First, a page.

The remarkable Paquimé civilization, which settled in the current Magical Town of Casas Grandes, is one of the great archaeological and historical treasures of Mexico. We invite you to get to know this culture and the interesting Chihuahuan town of Casas Grandes with this complete guide.
1. Where is the town located?
Casas Grandes is the head of the Chihuahuan municipality of the same name located in the northwestern sector of the state of Chihuahua on the border with Sonora. The Magical Town is on the border with the Chihuahuan municipalities of Janos, Nuevo Casas Grandes, Galeana, Ignacio Zaragoza and Madera; to the west is Sonora. Casas Grandes is located next to the outstanding archaeological site of Paquimé and a few kilometers from the city of Nuevo Casas Grandes; the city of Chihuahua is located 300 km.
2. How did the town come about?
When the Spanish explorer Francisco de Ibarra and his men arrived in the territory in the 16th century, they were amazed to find pre-Columbian buildings of up to 7 floors and asked what the place was called. The indigenous people replied that “Paquimé”, but Ibarra preferred a more traditional name and baptized the site as Casas Grandes. In the eighteenth century, the population became the main urban center of the region, with the rank of Mayor. In 1820, the Casas Grandes region was elevated to a municipality and in 1998 UNESCO declared the Paquimé archaeological zone a World Heritage Site.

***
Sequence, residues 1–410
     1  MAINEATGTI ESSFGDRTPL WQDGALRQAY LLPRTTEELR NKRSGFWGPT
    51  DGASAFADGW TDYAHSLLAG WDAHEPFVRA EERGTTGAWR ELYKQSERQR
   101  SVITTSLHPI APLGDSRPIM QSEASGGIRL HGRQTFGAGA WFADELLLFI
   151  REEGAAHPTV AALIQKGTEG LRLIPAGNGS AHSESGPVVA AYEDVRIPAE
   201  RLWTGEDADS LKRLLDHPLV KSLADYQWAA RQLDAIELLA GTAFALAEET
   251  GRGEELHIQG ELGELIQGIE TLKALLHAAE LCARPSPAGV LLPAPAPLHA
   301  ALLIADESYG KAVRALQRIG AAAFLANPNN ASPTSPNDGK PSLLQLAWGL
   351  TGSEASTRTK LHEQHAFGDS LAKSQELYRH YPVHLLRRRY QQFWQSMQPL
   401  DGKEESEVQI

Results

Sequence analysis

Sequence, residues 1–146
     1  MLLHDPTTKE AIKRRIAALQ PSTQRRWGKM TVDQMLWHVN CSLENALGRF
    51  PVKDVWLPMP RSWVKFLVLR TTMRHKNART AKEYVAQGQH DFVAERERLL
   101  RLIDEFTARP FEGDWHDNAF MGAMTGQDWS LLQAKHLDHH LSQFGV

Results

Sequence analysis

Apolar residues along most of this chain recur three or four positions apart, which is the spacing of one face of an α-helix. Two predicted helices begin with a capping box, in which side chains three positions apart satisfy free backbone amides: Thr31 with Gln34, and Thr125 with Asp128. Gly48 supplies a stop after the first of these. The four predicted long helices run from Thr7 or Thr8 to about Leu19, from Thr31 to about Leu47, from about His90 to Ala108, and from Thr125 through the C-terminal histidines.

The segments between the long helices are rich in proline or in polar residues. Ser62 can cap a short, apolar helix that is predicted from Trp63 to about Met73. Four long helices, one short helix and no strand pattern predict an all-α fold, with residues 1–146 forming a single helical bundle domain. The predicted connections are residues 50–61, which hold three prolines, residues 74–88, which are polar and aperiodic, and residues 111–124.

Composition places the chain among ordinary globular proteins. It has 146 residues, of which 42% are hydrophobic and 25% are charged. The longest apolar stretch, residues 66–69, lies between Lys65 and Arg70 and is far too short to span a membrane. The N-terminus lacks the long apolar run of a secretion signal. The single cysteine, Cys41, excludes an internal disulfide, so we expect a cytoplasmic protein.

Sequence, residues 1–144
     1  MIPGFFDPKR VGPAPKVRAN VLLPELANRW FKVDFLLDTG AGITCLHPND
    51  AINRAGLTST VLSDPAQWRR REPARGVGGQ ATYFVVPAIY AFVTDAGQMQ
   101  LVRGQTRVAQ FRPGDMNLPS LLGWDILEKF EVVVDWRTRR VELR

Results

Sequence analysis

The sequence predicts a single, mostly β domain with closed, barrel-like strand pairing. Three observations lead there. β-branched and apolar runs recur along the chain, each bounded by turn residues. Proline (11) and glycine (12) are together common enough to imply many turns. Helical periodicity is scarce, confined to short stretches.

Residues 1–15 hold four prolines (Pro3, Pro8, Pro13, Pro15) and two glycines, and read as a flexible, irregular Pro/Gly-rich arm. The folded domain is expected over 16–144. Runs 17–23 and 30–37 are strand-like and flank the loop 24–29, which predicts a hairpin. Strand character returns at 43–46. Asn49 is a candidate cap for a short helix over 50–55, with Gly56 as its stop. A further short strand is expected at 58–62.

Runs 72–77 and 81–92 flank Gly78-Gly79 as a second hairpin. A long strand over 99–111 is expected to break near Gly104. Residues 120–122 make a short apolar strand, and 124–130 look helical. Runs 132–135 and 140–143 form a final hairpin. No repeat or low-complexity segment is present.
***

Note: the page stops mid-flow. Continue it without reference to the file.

3. What type of climate does Casas Grandes have?
The climate of Casas Grandes is cool and dry by virtue of its altitude of 1,453 meters above sea level, the desert environment and the low rainfall. The annual average temperature is 17 °C, which rises to 25 or 26 °C in the summer months of the northern hemisphere and drops to 8 °C in the winter season. The Chihuahuan territory is prone to climatic extremes; between June and July temperatures of 35 °C can be reached in Casas Grandes despite its mountainous height. Similarly, in the winter season they can feel cold close to zero degrees Celsius; so your clothing forecasts will be based on the month of your trip.
4. What are the main attractions in Casas Grandes?
Casas Grandes is the main Mexican seat of the fascinating Paquimé culture, the most developed of its time in northern Mexico, and the most important visit to the Pueblo Mágico is its archaeological site and its site museum. The Casas Grandes region was used at the end of the 19th century for the establishment of Mormon towns, of which two have survived with interesting cultural samples: Colonia Juárez and Colonia Dublán. Near Casas Grandes and Nuevo Casas Grandes (the modern city) there are places of historical, ecotourism and archaeological interest, such as the Cueva de la Olla, the Cueva de la Golondrina, the Janos Biosphere Reserve and the town of Mata Ortiz.